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hawgdrvr
09-30-2020, 06:00 PM
I have a FX3 on order for next May/June. I'm an experienced pilot (3K hours) but inexperienced TW with now over 10 hours and increasing in the months ahead including TacAero formal training in TX. I want to outfit my FX3 with the best and safest configuration for landings as this is where it seems the incidents occur. Quite a few ground loops with FX3's and have also seen some with broken Acme shocks. I'm being told Beringer is the best, it is pricey, but so is the cost of repair. I'm told the 3X3 design is from the 1940's and that FX3's are heavier and newer with the design essentially outdated and a better gear design is needed. Beringer appears to answer that call.

What is the recommendation for gear on a FX3 without cost being a factor? I am also planning on Beringer wheels and brakes as that does seem to be proven to be the best so this question is only about the landing gear system.

cubdriver2
09-30-2020, 06:20 PM
The 1940s design is still here because it still works just fine.

Glenn

DENNY
09-30-2020, 09:23 PM
The gear is not the issue, and throwing money at a aircraft will do little to prevent a ground loop. The best and safest configuration is for the pilot to have been properly trained. If you get a chance do some time in a pacer with a good instructor. Also learn to SLOW DOWN.
DENNY

stewartb
09-30-2020, 10:09 PM
Don't take the words of guys who haven't flown the new breed of Cub suspension. Myself? I had the chance to use Porter style gear. Not interested. I like Cub gear. In concert with TK-1 shocks? Light years ahead of what was previously available. I'm positive my enthusiasm would be the same with Acme. You're getting a state of the art Cub. A modern marvel. These are the days. Don't get stuck in the old days.

KevinJ
09-30-2020, 10:27 PM
I’m speaking a bit out of turn but I’ve seen a carbon cub with the Beringer gear and it looked like any kind of xwind landing would be sporty. Think Wilga, Helio or Fairchild with one gear leg mushy and compressed and the other being picked up and extended on the upwind side. The travel is impressive but now you’re taking an extremely fast cub and hanging a bunch of droopy gear out in the wind.

As far as the brakes and wheels, they are lighter and it sounds like the brakes work well. Are they that much better considering the price?

Before you pass judgement on the Acmes, call out there and talk to those guys. I was skeptical also until a buddy and I bought a set. They are heads above most everything else out there. Dump your flaps at 3-4’ and see what happens. You’ll have a smile on your face.....Butch Kingston runs a set on his carbon cub I think. Talk to him or watch his runs at the Gainsville STOL deal this last spring. Doesn’t suck!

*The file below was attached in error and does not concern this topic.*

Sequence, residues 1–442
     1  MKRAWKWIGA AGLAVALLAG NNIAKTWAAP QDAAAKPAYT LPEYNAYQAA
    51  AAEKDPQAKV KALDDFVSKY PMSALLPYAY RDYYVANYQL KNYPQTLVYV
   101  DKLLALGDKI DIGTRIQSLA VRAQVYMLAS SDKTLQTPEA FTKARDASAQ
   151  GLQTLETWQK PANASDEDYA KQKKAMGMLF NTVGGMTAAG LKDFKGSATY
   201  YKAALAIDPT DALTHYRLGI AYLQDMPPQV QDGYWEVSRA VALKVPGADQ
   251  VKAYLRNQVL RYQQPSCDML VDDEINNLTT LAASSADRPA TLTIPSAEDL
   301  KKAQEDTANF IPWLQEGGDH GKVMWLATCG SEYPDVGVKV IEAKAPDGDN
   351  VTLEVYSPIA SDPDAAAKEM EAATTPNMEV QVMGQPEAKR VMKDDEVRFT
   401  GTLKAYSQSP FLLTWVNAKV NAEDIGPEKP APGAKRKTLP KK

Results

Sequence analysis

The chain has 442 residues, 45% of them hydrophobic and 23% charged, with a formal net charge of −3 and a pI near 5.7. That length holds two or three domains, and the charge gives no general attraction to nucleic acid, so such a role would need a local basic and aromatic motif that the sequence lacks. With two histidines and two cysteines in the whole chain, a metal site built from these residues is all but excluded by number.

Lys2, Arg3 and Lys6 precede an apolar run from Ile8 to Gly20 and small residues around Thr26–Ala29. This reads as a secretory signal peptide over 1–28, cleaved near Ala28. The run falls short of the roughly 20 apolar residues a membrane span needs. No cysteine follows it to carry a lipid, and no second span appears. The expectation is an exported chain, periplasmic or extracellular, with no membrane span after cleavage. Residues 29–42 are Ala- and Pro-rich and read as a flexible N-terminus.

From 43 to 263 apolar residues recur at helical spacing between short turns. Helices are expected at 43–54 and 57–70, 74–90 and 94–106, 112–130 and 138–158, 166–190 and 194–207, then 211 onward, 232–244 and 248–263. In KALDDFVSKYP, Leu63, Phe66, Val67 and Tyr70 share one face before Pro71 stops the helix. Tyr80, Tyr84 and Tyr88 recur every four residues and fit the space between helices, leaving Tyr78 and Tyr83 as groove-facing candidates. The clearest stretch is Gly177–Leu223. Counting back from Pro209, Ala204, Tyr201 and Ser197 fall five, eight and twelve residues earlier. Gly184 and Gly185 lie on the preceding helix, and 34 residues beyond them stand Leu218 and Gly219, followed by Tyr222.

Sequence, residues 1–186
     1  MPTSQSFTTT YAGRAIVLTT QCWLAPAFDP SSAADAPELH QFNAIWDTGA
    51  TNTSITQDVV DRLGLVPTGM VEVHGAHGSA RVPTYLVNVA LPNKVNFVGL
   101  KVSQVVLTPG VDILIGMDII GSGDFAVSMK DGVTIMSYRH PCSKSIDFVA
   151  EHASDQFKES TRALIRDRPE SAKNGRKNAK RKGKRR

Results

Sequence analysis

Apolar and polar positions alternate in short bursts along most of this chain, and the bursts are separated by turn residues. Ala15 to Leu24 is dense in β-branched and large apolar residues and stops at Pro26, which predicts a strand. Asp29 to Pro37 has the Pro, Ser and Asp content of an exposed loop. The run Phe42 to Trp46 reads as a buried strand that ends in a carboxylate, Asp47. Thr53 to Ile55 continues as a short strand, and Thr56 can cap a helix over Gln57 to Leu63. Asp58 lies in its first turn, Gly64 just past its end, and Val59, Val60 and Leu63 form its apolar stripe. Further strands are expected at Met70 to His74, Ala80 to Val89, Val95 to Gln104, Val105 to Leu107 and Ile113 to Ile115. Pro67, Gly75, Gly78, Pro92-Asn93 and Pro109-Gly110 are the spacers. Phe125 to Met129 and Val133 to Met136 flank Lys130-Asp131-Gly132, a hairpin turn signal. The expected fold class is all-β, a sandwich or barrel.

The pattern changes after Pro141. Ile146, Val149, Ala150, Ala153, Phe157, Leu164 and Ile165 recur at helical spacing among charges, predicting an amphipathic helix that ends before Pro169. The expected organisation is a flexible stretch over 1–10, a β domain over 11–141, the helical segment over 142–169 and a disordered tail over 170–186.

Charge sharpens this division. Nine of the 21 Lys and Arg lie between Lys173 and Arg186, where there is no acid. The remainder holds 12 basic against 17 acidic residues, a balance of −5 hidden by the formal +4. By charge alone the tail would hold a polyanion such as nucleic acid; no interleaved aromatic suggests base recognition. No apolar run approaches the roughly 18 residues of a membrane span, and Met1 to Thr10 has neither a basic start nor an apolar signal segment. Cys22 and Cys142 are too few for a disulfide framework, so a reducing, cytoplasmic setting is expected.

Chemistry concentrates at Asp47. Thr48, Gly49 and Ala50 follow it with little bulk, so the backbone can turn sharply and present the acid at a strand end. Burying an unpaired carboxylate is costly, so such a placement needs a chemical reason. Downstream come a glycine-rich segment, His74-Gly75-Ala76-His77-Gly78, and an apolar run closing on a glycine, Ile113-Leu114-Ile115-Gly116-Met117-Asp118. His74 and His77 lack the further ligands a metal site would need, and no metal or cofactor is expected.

Whats your mission? 130mph to a grass strip or big rocks, long props? If it’s the later I’d feel bad using a 330k cub as a shoehorn

mike mcs repair
09-30-2020, 11:24 PM
The gear is not the issue, and throwing money at a aircraft will do little to prevent a ground loop. The best and safest configuration is for the pilot to have been properly trained. If you get a chance do some time in a pacer with a good instructor. Also learn to SLOW DOWN.
DENNY

Agree.


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skywagon8a
10-01-2020, 05:46 AM
It's not the landing gear, it's the pilot. Money doesn't make the pilot better. In some cases it is just the opposite.

stewartb
10-01-2020, 08:46 AM
If money's no object perhaps you should look into Airframes' titanium gear. It won't do anything their steel gear won't do but it weighs less and costs a lot. That fits the FX3 mindset pretty well. ;)

Whichever way you go you're going to have a blast. Have you started on your parts yet? I'd enjoy hearing about the FX process from your perspective. It's a very interesting program.

tedwaltman1
10-01-2020, 08:50 AM
I have over 1,400 landings on the Acme Aero Gen 3 shocks. They are awesome!

As several stated above, itís not the plane or the shocks, it is a LOT of careful practice. Go out and do 5, 10 or more landings EVERY time you fly. Make yourself hit a specific spot on the runway that you identify while on downwind. Make yourself hit the centerline on every landing. Go around if you miss either the spot or the centerline!

South Fork
10-01-2020, 09:11 AM
I agree with Ted lots of practice makes the difference .I too also have well over a thousand landings on Acme Aero shocks I changed over from AOSS Five years ago I installed them on my FX2 and had no issues, did the builders assist on a FX3 last December completed the plane first of March installed a new set on Acme Aero Gen 3 & the Acme Aero Tailwheel suspension I do lots of Backcountry Flying in the Wrangell Mountains and would highly recommend the Shock Package I’m running 35s ABW on this FX3 with 3x3 gear great combination.

aeroaddict
10-01-2020, 09:39 AM
I think the key here is not the gear (no rhyme intended), but stick time. The first year (at very high insurance rates) I did numerous, hundreds of landings on 8.50' tires (3X3 gear, Acme Black Ops, T3 TW). Then I put on BW's. WOW what a difference. BUT I also think that the 8.50's tires keep you honest. I would not be surprised if the ground loops of CC's are a result of big tires without a lot of TW time. BW's are forgiving and you can get sideways with the BW's before realizing it's to late.